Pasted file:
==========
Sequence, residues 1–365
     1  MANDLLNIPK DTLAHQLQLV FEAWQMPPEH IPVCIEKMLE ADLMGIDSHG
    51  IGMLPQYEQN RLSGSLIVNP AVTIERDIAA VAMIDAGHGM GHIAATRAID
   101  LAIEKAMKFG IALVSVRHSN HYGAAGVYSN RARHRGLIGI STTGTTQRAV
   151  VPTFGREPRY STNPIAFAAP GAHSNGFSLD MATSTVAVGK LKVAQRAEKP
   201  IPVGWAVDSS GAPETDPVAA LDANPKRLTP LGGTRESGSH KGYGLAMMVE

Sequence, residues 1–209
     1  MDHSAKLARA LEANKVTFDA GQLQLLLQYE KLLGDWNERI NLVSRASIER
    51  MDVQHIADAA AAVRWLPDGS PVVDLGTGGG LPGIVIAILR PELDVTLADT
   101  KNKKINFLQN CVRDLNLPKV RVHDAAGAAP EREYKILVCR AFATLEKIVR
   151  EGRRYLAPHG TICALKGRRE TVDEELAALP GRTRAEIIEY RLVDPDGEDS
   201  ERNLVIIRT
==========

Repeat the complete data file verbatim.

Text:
Sequence, residues 1–365
     1  MANDLLNIPK DTLAHQLQLV FEAWQMPPEH IPVCIEKMLE ADLMGIDSHG
    51  IGMLPQYEQN RLSGSLIVNP AVTIERDIAA VAMIDAGHGM GHIAATRAID
   101  LAIEKAMKFG IALVSVRHSN HYGAAGVYSN RARHRGLIGI STTGTTQRAV
   151  VPTFGREPRY STNPIAFAAP GAHSNGFSLD MATSTVAVGK LKVAQRAEKP
   201  IPVGWAVDSS GAPETDPVAA LDANPKRLTP LGGTRESGSH KGYGLAMMVE

Sequence, residues 1–209
     1  MDHSAKLARA LEANKVTFDA GQLQLLLQYE KLLGDWNERI NLVSRASIER
    51  MDVQHIADAA AAVRWLPDGS PVVDLGTGGG LPGIVIAILR PELDVTLADT
   101  KNKKINFLQN CVRDLNLPKV RVHDAAGAAP EREYKILVCR AFATLEKIVR
   151  EGRRYLAPHG TICALKGRRE TVDEELAALP GRTRAEIIEY RLVDPDGEDS
   201  ERNLVIIRT